“That’s what we have become,” I thought, after watching the video that went viral where a 68-year-old bus monitor named Karen Klein is verbally assaulted and by four middle school boys, one of whom even appears to poke at her arm and waist and call her “fatty.” The bus monitor has now received over $600,000 in donations from people who feel bad for her across the country. But we should feel worse for a society that has allowed children and bureaucrats to bully us all into submission. How and why have we done that? It’s a good question and one that will take more than a blog post to solve, but here are my thoughts.
My first question when I look at the video is that the bus is moving, so where is the bus driver? Why did Klein not do anything and ask the driver to stop the bus? Why did she simply cry — which is exactly what these juvenile delinquent-acting boys wanted? Why does no one stand up to these kids? Because no one is allowed to anymore. Bureaucrats who can’t make decisions have rendered many adults (and children) helpless. Bombarded with self-esteem programs to make kids feel good at any cost and adults told never to yell at a child lest they be charged with abuse, the bullies and miscreants rise to the top without consequences until they do something so awful that they encounter legal consequences.
Look around the web and you will see people who blame the parents: they raised the misbehaving monsters, some say. But parents and adults in general have had their authority usurped for the last 50 years by society and the “helping professions” and in turn, child protective agencies and law enforcement who might take your kid or charge you as a sex offender if you do what they perceive to be wrong and who knows what that is?
In response, parents often do nothing, or do not punish in ways they did in the past. Parents are always told “love is the answer” and scolded for being harsh. For example, here is what one “parenting expert” has to say about the bus monitor case:
Everyone else in America might be calling for harsh, swift justice to be meted out by both the Greece Central School District and the parents of the kids involved. But not Nelson.
Co-author of two dozen parenting books including the Positive Discipline series, Nelson says the traditional means of punishment — yelling, shaming, hitting, grounding, etc. — are counterproductive.
“I think to go after these kids in a punitive way, it just doesn’t help,” she said. Nelson knows that the vast majority of parents will scoff both at that notion — and at her belief that the young bullies are merely acting out due to their own “need for a sense of significance and belonging.”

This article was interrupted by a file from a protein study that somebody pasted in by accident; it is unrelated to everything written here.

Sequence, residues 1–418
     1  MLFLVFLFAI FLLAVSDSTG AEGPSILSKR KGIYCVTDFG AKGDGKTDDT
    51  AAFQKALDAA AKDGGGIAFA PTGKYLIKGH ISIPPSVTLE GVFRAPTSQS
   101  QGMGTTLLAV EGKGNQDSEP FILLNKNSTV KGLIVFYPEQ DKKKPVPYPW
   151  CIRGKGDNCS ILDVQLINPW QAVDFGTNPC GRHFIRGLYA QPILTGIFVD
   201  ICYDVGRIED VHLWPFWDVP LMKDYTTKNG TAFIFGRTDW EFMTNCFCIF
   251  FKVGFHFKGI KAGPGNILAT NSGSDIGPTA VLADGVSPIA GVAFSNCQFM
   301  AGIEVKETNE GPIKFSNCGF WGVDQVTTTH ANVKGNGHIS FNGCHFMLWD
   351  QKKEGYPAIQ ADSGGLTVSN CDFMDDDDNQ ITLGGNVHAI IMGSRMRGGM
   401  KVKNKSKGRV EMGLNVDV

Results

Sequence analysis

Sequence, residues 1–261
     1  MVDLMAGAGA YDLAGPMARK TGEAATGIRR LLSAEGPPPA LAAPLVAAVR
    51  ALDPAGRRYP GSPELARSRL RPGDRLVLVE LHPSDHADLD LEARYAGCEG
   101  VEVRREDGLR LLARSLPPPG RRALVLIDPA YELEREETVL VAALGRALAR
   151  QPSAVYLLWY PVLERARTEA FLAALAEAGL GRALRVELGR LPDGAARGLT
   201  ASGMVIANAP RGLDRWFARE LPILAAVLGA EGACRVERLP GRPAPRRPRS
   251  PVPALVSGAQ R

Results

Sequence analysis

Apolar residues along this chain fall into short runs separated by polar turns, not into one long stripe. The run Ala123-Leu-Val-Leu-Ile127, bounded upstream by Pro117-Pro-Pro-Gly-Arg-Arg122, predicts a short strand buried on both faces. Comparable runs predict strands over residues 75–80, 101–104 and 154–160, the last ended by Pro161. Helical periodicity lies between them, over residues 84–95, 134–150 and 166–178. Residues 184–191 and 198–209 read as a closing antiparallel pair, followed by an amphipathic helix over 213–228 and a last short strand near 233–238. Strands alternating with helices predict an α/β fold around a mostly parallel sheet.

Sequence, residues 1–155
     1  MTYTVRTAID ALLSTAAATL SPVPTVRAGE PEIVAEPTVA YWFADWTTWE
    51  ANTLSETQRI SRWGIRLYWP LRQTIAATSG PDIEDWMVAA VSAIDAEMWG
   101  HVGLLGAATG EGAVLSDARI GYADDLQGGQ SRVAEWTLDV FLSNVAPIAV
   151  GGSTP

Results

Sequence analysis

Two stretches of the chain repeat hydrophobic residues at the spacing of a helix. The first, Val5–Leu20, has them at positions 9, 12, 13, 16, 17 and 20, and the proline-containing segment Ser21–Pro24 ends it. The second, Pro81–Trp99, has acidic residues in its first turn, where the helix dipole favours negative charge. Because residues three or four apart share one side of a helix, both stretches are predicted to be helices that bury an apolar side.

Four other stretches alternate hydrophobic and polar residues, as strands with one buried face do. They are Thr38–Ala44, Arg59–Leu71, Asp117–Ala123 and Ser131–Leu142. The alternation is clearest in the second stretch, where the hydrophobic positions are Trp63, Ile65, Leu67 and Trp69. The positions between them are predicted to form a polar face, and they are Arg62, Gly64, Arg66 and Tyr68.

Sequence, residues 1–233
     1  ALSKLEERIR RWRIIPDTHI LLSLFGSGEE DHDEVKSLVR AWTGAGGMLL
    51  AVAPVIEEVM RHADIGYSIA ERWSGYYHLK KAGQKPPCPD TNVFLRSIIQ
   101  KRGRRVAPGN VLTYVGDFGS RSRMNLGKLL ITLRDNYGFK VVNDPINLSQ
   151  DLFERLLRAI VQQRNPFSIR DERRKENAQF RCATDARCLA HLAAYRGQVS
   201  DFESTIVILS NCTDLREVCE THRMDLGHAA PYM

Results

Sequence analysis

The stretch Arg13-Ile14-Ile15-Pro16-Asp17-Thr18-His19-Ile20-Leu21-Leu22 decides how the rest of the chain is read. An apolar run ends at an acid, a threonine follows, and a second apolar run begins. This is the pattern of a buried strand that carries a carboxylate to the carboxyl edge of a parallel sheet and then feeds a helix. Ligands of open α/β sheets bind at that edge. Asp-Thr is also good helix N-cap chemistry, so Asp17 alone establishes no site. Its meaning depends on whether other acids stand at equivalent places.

Even so, she suggests that the parents of the bullies embark on a four-step process to set aside their anger, take the time to emotionally connect with the misbehaving kids, find the reason behind the misdeeds, and then help the kids learn and grow from their mistakes.
No, Ms. Nelson, these kids are doing what they are doing because they can and it’s not the first time. They “get off” on having this woman cry and it makes them feel good, not bad. If there are no consequences for their behavior, they will do it again and with even more enthusiasm.
But here is my fear: people get so angry and upset about bullying — this bus monitor case went further to the level of juvenile delinquency — and the same dumb bureaucrats and helping professions that made the problem worse to begin with will now go to the other extreme like they always do and make bullying against other kids “illegal.” Naturally, adults in kid’s lives have to go from one extreme to the other. Instead of setting boundaries and telling kids to cut it out from the beginning, now any act that a bureaucrat doesn’t like will become suspect and require punishment. Because they are too stupid or afraid to make any decisions, they will leave it to some “zero tolerance” anti-bullying law that makes no distinction between an expression of disagreement and true abuse.
Your kids are not safe in the public schools from these bureaucrats who will use the force of the state to make sure your child complies with being politically correct if more of these anti-bullying laws are enacted. If they say the wrong thing against a Democratic constituency group, they will be punished. That will be the effect of bullying laws. As Rush Limbaugh often says, “Don’t doubt me.”
Update: Commenter Chuck mentioned that the bus montior was not doing much of a job as she was not communicating with the bus driver about behavioral problems. This, of course, could be because the school admin. did not prepare her to do so. If you look up the job decription of a bus monitor, monitoring behavior should be one of the most important. For example, here are the duties on one site I looked at:
1) Knows the route and remains alert to monitor the welfare of passengers while enroute. Keeps order on the bus.
2) Communicates behavior problems and conditions of various stops with the driver.
I wonder how much Klein did when there were other problems on the bus? If she won’t help herself, was she helping the other kids who may have been bullied also? Maybe these kids were taunting her because of her reluctance to do anything on the bus. If true, that doesn’t make what they did right but it makes it a little more understandable.